2018 Legislative Session

Capital Budget Finally Done

After failing to pass a Capital Budget last year in the 2017 legislative session for the first time, last night the legislature stayed up late last night and finally passed the Budget.  As a result, school and university building projects can restart again.  That takes care of one of our Capital Budget issues.  The next one, simple majority passage of bonds (bonds must pass in order for school districts to fund their share of construction costs), will be discussed next week when the Senate State Government committee considers Senator Mark Mullet’s bill to reduce the approval rate for bonds to 55% rather than 60%.

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Education committees to hear Paraeducator bills

Both the House and Senate Education committees will be discussing their respective Paraeducator bills, 2698 in the House committee and 6388 in the Senate, next week.  Unlike previous years, these bills have been jointly worked on by the PESB (Professional Educator Standards Board) and WEA (Washington Education Association).  The most difficult part will be convincing the legislature to fund development of Special Education and TBIP (Transitional Bilingual Instruction) paraeducator training modules.

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SEBB hearings next week

Both the House Appropriations and Senate Ways and Means committees will be hearing SEBB bills next week.   All of the bills noted in earlier entries will be heard plus two additional bills recently introduced.  The recent additions, 2755 & 6461, would allow school districts with more than 1,000 employees to be exempt from SEBB if they meet SEBB criteria.

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Paraeducator fixes in the works

PSE is working with the Professional Educator Standards Board (PESB) and the WEA (Washington Education Association) on a bill to make positive changes to the first in the nation Paraeducator bill passed in the 2017 legislative session.  The bill, HB 2698, sponsored by Representative Steve Bergquist and Representative Dick Muri was just introduced and does the following:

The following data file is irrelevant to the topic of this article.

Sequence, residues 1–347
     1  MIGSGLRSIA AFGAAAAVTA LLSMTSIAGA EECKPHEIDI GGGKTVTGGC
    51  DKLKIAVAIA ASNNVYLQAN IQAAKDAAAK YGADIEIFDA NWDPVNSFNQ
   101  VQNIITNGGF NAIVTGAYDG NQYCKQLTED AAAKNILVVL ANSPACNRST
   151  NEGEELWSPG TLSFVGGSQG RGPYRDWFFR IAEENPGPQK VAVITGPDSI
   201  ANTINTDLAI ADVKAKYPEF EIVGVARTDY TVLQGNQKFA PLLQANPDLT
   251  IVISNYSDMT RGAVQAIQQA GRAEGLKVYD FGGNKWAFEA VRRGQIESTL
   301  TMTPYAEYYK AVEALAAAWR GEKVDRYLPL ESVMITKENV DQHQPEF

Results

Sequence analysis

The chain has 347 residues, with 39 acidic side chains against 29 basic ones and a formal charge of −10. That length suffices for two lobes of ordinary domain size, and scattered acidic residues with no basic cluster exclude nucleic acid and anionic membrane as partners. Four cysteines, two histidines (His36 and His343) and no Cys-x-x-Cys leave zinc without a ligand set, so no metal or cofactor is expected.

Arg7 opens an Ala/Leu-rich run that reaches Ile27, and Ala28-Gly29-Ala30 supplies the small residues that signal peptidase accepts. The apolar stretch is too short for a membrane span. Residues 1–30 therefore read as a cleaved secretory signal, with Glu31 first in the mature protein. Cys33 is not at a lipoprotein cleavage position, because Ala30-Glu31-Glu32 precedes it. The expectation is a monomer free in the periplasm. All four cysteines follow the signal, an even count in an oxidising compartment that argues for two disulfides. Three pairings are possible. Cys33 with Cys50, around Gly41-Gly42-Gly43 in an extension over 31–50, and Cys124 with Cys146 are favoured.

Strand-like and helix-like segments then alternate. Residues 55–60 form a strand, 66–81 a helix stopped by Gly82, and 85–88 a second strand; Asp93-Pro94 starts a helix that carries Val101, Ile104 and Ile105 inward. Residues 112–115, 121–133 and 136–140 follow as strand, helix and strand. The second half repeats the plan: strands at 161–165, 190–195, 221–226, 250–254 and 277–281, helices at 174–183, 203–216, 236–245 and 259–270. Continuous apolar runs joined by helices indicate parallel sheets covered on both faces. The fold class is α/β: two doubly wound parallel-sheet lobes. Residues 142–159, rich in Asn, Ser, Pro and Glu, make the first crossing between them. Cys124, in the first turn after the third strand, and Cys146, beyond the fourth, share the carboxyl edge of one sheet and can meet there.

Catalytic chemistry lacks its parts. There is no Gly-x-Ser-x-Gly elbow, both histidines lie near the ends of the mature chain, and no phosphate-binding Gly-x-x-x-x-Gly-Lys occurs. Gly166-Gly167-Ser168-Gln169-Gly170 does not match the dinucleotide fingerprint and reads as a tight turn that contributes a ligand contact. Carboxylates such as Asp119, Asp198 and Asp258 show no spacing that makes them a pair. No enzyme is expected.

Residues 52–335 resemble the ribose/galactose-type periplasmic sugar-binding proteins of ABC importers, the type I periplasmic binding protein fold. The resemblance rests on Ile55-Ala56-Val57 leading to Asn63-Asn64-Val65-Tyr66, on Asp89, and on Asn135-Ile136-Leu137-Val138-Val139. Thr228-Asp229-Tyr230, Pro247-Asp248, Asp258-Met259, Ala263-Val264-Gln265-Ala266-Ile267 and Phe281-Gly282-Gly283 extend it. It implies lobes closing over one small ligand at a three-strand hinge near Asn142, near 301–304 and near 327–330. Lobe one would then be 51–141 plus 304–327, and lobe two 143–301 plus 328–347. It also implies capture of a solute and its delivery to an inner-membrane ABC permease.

…Gives paraeducators one additional year to meet the minimum employment standards (until September 1, 2019)

…Gives school districts an additional year to train paraeducators to meet the four day course (if the course is funded), and,

…Asks the state to provide $500,000 each year for 2018 and 2019 to develop special education and TBIP (transitional bilingual instruction program) training modules for paraeducators who work in those programs.

I expect to have a bill number for the Senate bill, sponsored by Senator Mark Mullet, in the next couple of days.

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More SEBB bills introduced

Besides the two “fix-it” bills described yesterday, four more bills were introduced today to change SEBB.  Two bills were introduced to increase the SEBB membership by adding a school board member and a school administrator: 6286 & 2655.  Two bills, 6288 & 2657, were introduced to:

—allow certain school districts to not be in SEBB;

—require funding parity with State employees;

—increase SEBB membership by adding another classified and certificated representative;

—allow school districts to pay for a lower eligibility criteria than 630 hours and,

—allow school districts to offer optional benefits not provided by SEBB.

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BAB – first bill to pass 2018 legislative session

Breakfast After the Bell (BAB) passed the House on the 4th day of the 2018 legislative session.  This shows not only the level of support (83 votes of support with 15 opposed) but the recognition that this is an important issue.  BAB simply allows schools to offer breakfast after the school bell rings (breakfast would be served in the classrooms not in the cafeteria).  The focus is on schools with high free and reduced priced meals.

Next up for the bill is a hearing in the Senate Education committee.

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Bills to perfect SEBB – taking financial pressure off single coverage employees

SEBB (School Employee Benefit Board) insurance plans for all K 12, ESD (Educational School Districts), and charter school employees, was approved in the 2017 legislative session.  This comprehensive change to K 12 insurance plans will take place on January 1, 2020.  Not surprisingly, there is a great deal of preparation that has to be undertaken to make the change in 2020 as positive and effective as possible.

The Health Care Authority (HCA), the state agency responsible for implementing SEBB has recognized that the law implementing SEBB needs to be perfected.  Senator Hobbs and Representative Cody are introducing “fix-it” bills developed by the HCA in the House and Senate.  The Senate bill is 6241, the House bill is 2438.  

The most significant changes in the bills are:

…move forward the date for data to be provided HCA 8 months to April 1, 2018.